2. Understand phonemic nature of spelling: The student needs to understand written English is based on a phonemic code. In other words printed black squiggles represent sounds in the word.
  3. Learn the phonemic code:  The student needs to learn the complete phonemic code. The English phonemic code is complex and the student needs to learn the complete code in order to handle these complexities. The student needs to learn the code systematically beginning with the basic code and then adding the complexities with vowel combinations, r-controlled combinations and other intricacies. Although there is code overlap (more than one way to write a sound), irregular and unexpected spellings, English is based on this phonemic code.
  4. Approach the process of spelling phonemically: The student needs to base their spelling on converting the sounds in the spoken word into print. They need to write the phonemic code for the sounds in the word. Spelling needs to be approached as recoding sound to print. Once again phonemic awareness is a critical skill. The child must have the phonemic awareness to recognize and distinguish the sounds within words. If your child has a phonemic weakness, you need to help the child strengthen their phonemic awareness.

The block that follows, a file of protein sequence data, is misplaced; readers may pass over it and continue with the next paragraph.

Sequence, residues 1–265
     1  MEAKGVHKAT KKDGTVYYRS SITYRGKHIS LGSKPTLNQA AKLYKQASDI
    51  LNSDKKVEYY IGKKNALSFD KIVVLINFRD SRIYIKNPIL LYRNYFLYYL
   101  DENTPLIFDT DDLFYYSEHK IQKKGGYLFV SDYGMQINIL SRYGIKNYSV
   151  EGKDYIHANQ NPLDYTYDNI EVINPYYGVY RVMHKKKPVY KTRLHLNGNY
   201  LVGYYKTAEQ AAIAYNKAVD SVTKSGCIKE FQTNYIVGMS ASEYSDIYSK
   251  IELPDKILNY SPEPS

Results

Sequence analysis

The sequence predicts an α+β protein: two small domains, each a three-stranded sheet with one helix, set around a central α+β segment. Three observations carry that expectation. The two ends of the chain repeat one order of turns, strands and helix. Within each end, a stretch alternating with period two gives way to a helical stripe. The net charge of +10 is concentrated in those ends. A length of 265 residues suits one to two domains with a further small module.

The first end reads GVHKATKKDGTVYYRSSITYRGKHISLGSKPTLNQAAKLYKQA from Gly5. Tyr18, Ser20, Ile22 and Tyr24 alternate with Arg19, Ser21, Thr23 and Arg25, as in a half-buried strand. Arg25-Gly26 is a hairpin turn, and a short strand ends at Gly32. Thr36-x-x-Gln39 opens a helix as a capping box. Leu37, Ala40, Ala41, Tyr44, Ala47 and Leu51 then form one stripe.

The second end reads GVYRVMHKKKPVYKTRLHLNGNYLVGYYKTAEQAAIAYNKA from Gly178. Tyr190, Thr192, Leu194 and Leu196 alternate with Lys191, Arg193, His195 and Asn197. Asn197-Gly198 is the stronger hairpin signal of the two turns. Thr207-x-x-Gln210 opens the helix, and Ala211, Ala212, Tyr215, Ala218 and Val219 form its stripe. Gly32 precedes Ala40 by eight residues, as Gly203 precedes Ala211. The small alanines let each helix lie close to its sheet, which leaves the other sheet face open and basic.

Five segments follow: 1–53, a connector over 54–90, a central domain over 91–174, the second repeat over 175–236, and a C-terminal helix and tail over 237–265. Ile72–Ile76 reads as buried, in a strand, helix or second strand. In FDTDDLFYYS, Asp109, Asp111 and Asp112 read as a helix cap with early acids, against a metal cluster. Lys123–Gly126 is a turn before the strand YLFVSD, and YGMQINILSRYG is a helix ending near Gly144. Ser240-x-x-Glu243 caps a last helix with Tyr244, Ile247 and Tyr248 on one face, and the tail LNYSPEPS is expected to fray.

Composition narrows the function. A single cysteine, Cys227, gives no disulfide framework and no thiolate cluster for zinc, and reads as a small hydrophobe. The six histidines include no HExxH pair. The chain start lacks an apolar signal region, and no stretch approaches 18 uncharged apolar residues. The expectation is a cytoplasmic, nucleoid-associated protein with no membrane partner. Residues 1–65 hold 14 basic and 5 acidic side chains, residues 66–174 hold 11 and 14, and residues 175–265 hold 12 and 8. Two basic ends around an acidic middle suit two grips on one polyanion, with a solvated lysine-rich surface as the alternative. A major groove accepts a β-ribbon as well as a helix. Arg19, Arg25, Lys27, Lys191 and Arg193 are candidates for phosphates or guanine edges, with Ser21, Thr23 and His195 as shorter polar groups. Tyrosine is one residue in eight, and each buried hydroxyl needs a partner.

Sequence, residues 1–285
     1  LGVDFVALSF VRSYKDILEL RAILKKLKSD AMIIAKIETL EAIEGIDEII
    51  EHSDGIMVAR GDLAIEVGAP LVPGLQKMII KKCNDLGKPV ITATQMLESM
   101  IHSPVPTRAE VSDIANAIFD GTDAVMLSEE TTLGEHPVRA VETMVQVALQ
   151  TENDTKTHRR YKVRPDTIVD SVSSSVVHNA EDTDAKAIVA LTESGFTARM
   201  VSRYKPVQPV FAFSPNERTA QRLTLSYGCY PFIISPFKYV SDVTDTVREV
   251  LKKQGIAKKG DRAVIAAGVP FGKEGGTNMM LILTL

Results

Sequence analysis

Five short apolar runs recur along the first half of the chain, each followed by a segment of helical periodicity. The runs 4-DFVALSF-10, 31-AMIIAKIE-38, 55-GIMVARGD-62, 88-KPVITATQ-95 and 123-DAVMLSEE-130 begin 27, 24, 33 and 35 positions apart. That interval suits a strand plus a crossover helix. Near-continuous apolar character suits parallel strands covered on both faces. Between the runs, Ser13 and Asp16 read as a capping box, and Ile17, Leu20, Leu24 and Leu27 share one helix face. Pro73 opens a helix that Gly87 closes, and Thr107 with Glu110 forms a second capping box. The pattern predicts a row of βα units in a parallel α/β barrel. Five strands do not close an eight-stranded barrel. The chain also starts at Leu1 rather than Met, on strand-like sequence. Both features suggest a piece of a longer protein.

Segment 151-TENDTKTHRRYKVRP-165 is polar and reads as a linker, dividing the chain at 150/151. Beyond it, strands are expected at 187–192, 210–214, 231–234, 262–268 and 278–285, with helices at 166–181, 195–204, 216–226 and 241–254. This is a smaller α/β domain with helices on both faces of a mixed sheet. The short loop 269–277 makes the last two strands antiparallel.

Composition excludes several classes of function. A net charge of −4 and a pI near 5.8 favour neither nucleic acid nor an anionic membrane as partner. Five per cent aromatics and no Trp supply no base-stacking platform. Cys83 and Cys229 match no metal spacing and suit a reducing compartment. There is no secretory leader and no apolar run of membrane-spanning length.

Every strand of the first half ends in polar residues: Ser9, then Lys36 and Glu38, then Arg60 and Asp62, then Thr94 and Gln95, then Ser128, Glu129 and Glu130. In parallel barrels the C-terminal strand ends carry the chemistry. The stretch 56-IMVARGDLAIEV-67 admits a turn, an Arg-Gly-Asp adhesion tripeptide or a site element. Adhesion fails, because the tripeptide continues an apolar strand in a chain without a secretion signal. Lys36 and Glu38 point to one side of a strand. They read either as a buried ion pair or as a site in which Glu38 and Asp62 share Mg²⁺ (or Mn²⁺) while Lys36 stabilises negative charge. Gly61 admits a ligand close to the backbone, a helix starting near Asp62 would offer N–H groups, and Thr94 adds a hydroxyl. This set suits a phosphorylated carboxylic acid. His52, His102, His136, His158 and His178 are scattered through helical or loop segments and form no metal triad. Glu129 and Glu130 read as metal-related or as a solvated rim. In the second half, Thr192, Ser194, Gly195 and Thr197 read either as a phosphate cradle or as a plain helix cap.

5. Acquire knowledge of spelling patterns and learn helpful guidelines: The student needs to learn and practice the common spelling patterns that are used in English. There are also guidelines that can help us learn correct spelling.  While there are exceptions and irregularities most words follow common patterns. There are also a number of helpful guidelines to aid us in accurate spelling. Children are better able to achieve spelling success when they learn and practice these common patterns and helpful guidelines.  
  6. Learn/memorize specific and  ‘tricky’ spellings: For accurate spelling the student does need to learn the correct spelling for common words and begin memorizing the specific spelling pattern used for particular words. Accurate spelling can be tricky and does require remembering which spelling pattern is used within certain words.